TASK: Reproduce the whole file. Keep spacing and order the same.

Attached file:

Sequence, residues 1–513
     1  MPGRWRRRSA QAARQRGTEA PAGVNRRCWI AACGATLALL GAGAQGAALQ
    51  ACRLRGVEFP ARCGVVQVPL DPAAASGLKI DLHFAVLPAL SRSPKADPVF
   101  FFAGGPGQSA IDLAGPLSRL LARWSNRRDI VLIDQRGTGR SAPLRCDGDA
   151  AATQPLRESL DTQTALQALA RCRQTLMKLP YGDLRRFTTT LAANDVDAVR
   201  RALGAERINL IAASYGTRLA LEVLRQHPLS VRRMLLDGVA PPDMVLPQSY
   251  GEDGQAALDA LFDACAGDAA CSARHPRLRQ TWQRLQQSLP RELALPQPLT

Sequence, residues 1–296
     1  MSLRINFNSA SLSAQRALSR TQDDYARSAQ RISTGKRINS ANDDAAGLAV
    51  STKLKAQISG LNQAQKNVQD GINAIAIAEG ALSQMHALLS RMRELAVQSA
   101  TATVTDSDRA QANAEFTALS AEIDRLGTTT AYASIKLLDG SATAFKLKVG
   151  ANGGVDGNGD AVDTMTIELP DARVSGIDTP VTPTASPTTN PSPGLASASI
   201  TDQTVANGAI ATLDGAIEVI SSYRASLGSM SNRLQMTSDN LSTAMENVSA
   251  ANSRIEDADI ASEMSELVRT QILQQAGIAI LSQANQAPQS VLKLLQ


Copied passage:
Sequence, residues 1–513
     1  MPGRWRRRSA QAARQRGTEA PAGVNRRCWI AACGATLALL GAGAQGAALQ
    51  ACRLRGVEFP ARCGVVQVPL DPAAASGLKI DLHFAVLPAL SRSPKADPVF
   101  FFAGGPGQSA IDLAGPLSRL LARWSNRRDI VLIDQRGTGR SAPLRCDGDA
   151  AATQPLRESL DTQTALQALA RCRQTLMKLP YGDLRRFTTT LAANDVDAVR
   201  RALGAERINL IAASYGTRLA LEVLRQHPLS VRRMLLDGVA PPDMVLPQSY
   251  GEDGQAALDA LFDACAGDAA CSARHPRLRQ TWQRLQQSLP RELALPQPLT

Sequence, residues 1–296
     1  MSLRINFNSA SLSAQRALSR TQDDYARSAQ RISTGKRINS ANDDAAGLAV
    51  STKLKAQISG LNQAQKNVQD GINAIAIAEG ALSQMHALLS RMRELAVQSA
   101  TATVTDSDRA QANAEFTALS AEIDRLGTTT AYASIKLLDG SATAFKLKVG
   151  ANGGVDGNGD AVDTMTIELP DARVSGIDTP VTPTASPTTN PSPGLASASI
   201  TDQTVANGAI ATLDGAIEVI SSYRASLGSM SNRLQMTSDN LSTAMENVSA
   251  ANSRIEDADI ASEMSELVRT QILQQAGIAI LSQANQAPQS VLKLLQ